Prof. Michael Grubb - Planetary Economics
This January GESA Deputy Director Dr Elizabeth Bomberg and ECCI Director Dr Andy Kerr were delighted to join Dr Simon Shackley from the School of Geosciences to co-host Professor Michael Grubb, author of Planetary Economics.
Planetary Economics: Energy, climate change and the three domains of sustainable development
Planetary Economics has received widespread accolade as a seminal contribution, comprehensive and profoundly important for its presentation of a new approach to both the theoretical underpinnings and the practical policies for tackling energy and climate change challenges.
Prof Grubb captured exceptionally well the 'wicked' nature of climate change problem and the need for more integrated, interdisciplinary solutions combining knowledge of economics, politics, technology and society. The perfect talk for a GESA crowd. We were struck by Prof Grubb's generosity of spirit. He was open to - and actively encouraged - ideas and questions from the students, academics, practitioners and engaged citizens that made up the sell-out audience
Michael Grubb's talk gave a refreshing and, on balance, optimistic, perspective on our capacity to decarbonise society during the next century, provided that we understand properly the nature of the challenge. Michael's key insight comes from recognising that to change behaviours is not the same as changing carbon prices in markets; meanwhile to change infrastructure and effect long-term innovation requires a different mindset that is more akin to security and focuses on avoiding systemic long-term risks.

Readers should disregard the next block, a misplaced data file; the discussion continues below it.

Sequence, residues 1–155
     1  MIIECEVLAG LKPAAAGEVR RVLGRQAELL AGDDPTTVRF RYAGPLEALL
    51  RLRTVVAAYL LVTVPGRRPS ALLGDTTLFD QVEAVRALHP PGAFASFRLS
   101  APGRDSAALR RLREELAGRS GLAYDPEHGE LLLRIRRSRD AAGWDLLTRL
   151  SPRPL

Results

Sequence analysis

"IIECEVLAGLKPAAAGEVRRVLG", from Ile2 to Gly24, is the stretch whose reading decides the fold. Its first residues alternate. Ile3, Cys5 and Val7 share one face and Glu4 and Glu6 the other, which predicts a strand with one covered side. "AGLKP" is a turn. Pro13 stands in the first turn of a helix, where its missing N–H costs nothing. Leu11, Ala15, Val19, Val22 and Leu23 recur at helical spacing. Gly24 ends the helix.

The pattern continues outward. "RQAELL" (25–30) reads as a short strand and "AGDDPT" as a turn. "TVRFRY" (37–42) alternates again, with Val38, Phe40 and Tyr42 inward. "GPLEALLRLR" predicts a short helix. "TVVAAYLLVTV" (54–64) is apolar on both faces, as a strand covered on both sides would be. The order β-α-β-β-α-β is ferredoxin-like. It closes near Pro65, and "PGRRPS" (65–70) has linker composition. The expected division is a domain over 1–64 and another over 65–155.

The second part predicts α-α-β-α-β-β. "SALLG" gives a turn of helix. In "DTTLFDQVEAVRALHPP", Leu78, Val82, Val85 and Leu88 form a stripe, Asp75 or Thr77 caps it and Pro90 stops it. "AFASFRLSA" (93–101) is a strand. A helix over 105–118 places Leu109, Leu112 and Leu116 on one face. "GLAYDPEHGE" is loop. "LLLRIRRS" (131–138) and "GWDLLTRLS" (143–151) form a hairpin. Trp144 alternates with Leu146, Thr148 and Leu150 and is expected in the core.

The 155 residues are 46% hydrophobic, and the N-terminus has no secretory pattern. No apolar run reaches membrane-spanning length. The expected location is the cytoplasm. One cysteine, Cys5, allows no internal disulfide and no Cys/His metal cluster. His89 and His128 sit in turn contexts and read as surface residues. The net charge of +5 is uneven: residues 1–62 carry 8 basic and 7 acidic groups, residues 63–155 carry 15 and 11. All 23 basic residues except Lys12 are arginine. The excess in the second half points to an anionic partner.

Awareness of the importance of reducing CO2 emissions is rising, but the transition towards a low carbon society is slow and complex. The much needed fundamental change involves many stakeholders, each with vested interests that are often not aligned.
The R&Dialogue project is founded on the belief that an inclusive and transparent dialogue between all stakeholders is essential in the move towards sustainable low-carbon energy production. Consequently, the project partners are currently working across 10 European countries to promote a low-carbon dialogue between research and civil society.
The work presented by Prof. Michael Grubb in this lecture is a prime example of the kind of research which is so vital in helping us to better understand the social, technological, ecological and economic challenges of climate change, and find more effective, integrated solutions. This event provided an excellent platform to spark discussion and debate around these pressing issues.
More information on the R&Dialogue project can be found on the website: rndialogue.eu